In addition there are more recent volumes. It started up with Cranfield's Romans in the late 1970's. These are all top notch works - but expensive. In addition, they do assume fluency in at least Greek and Hebrew and can get quite technical. As an over-educated layperson, I have used some of them - and while I respect them greatly, usually find they go a bit farther than I am interested. But if you want a detailed look at the grammar and setting of the text with all of the apparatus to see the discussion by others, they are to be recommended.

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mab | Forum Activity | Replied: Mon, Feb 13 2017 10:05 AM

First, skip the pricing issue. The dollar is actually worth about 3 cents today. Considering that a commentary represents years of work by authors who put in decades of study, it's a secondary issue altogether. 

Older scholarship is often given the heave ho. Did the Bible itself change in the last century? No. The ICC is almost always referenced in even the most modern commentaries. 

If you are in seminary, it's pretty much a given that you will be expected to use it.

Given all of that, is the ICC for everyone? No. It gets rather technical and it might take you a lot more effort to mine. It's not on my first use list, but I am so glad I have it because it often surprises me at how good it actually is for thoughtful study. 

I place ICC after New International Commentary of the Old Testament and New Testament in terms of purchase priority. How much after? I don't know. If memory serves me correctly, I bought both series on the same day as God had blessed me enough to do it.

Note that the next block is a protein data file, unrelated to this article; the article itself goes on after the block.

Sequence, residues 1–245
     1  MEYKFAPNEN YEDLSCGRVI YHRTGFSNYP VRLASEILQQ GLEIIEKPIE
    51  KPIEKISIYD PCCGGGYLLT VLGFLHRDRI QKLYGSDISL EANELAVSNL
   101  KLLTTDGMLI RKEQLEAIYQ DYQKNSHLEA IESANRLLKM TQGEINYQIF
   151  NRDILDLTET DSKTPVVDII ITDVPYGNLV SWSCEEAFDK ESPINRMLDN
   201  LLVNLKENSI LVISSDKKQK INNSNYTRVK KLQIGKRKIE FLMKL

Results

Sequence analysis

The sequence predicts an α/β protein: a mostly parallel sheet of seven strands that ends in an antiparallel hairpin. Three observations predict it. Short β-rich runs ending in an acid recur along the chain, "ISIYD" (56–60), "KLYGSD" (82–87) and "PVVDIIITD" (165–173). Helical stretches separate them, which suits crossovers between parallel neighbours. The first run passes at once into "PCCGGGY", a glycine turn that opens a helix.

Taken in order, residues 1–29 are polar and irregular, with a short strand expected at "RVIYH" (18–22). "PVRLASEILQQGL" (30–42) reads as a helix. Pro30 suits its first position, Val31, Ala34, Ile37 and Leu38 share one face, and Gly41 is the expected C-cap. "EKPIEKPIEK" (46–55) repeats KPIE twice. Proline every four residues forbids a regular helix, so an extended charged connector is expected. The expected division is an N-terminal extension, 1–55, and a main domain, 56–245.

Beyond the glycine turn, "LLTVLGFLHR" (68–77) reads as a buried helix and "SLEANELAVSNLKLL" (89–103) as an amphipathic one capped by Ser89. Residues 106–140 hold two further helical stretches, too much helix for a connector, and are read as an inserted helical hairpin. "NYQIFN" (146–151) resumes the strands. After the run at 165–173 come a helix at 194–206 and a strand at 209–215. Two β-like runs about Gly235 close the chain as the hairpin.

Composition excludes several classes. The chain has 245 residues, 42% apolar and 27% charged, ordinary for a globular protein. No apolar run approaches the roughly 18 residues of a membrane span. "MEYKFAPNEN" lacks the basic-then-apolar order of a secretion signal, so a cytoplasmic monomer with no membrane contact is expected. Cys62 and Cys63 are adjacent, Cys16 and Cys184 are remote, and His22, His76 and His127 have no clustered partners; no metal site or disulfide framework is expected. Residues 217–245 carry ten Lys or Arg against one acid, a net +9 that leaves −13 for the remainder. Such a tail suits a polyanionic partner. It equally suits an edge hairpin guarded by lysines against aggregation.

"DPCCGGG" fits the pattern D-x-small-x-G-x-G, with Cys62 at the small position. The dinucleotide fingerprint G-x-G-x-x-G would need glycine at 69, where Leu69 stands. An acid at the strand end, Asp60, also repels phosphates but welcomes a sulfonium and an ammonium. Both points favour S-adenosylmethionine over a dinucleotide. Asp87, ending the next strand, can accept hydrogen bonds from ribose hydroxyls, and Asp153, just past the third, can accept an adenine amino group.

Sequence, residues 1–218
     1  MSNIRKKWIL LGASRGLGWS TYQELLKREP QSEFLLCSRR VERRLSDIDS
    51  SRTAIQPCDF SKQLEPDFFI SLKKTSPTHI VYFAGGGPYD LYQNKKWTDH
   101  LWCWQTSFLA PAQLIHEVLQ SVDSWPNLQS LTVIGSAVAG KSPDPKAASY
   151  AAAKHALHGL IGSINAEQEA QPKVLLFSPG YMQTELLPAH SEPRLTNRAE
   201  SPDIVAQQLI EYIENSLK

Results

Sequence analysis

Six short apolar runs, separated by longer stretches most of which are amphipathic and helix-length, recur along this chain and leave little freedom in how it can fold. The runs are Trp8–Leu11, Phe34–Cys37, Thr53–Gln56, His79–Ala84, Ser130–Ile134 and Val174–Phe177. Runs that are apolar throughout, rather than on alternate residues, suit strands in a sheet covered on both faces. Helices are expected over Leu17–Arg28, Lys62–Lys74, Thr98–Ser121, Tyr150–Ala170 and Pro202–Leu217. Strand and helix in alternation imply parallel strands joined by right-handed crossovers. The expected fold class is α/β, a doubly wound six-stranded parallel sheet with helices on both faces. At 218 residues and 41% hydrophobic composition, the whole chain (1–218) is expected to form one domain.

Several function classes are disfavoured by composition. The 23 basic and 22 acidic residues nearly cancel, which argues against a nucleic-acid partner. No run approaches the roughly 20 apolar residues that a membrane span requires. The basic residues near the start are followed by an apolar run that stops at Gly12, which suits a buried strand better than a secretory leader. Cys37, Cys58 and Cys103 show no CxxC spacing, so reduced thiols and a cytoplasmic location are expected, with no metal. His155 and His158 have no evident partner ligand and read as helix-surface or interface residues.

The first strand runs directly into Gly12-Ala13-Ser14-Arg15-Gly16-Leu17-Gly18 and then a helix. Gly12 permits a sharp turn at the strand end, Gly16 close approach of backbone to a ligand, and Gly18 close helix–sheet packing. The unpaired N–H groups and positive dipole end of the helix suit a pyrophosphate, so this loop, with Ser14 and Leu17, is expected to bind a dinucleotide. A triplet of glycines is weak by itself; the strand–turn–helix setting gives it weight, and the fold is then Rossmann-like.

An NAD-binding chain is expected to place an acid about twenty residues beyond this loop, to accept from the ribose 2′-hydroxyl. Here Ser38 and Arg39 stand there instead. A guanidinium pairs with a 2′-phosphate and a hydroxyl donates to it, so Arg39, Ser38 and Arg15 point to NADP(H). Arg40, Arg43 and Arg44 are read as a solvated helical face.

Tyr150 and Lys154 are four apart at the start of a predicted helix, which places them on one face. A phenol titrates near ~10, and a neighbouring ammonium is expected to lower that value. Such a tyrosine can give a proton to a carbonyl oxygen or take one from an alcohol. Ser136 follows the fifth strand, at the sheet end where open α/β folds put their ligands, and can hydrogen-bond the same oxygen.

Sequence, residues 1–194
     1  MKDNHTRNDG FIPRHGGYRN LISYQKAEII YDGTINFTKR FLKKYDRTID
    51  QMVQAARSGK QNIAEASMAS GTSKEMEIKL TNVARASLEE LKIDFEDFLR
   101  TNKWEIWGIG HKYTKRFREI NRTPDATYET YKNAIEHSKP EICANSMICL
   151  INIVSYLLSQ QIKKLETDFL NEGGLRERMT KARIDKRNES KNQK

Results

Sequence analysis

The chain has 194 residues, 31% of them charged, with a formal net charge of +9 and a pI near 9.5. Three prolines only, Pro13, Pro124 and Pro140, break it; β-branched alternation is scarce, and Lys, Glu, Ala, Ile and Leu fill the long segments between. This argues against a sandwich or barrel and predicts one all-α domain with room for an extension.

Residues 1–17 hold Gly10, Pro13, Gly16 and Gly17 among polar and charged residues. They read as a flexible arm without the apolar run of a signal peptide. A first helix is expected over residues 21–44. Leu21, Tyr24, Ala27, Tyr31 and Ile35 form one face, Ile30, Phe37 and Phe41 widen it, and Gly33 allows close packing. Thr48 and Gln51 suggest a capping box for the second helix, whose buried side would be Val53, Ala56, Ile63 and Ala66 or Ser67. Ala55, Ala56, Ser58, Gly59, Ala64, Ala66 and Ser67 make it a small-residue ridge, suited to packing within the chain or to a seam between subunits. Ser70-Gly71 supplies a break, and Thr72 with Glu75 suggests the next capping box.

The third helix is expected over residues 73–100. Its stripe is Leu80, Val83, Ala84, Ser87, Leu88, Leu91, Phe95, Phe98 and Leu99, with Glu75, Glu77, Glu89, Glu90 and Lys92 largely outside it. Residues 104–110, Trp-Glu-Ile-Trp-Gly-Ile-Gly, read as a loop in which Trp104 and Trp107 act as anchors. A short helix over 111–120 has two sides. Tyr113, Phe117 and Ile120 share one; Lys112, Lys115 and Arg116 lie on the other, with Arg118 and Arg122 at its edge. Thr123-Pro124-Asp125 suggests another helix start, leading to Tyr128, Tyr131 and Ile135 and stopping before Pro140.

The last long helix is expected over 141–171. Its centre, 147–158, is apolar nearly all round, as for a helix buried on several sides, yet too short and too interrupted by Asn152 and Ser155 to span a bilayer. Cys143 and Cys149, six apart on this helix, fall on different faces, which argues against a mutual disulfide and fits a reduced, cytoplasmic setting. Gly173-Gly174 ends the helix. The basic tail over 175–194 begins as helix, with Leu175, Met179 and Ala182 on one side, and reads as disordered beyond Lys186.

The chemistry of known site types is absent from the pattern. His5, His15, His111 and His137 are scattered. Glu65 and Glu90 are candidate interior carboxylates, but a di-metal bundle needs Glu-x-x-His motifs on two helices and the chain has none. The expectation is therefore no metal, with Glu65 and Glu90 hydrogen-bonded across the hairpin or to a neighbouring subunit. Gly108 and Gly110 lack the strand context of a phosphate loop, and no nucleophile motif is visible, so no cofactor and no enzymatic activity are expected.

Remember, commentaries should always come after carefully reading through Bible passages multiple times. You don't even need Logos for that.

The mind of man is the mill of God, not to grind chaff, but wheat. Thomas Manton | Study hard, for the well is deep, and our brains are shallow. Richard Baxter

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Mike Childs | Forum Activity | Replied: Tue, Feb 14 2017 9:20 AM

Michael S.:

I noticed the price for the ICC commentary series is more than the NIC series, which is top rated on most books.  So my question is first off why are they so expensive?- what makes them valuable?  How do they compare and contrast to the NIC?

I own the ICC, and I do feel that the Romans commentary by Cranfield is one of the very best commentaries available.  I also value highly I. Howard Marshall's Pastoral Epistles volume in the series.  The Mattew volues are very good, as well. 

So some of the newer volumes are great, but many of the volumes - most of the volumes - are just too dated.  So no, I do  not think it is really worth what I paid for it.  I would have been better off just buying the newer volumes that are really good.  Just my opinion.  I also feel that the NICOT/NT is a much more valuable set to buy, and the Word Biblical Commentary also is more valuable.

"In all cases, the Church is to be judged by the Scripture, not the Scripture by the Church," John Wesley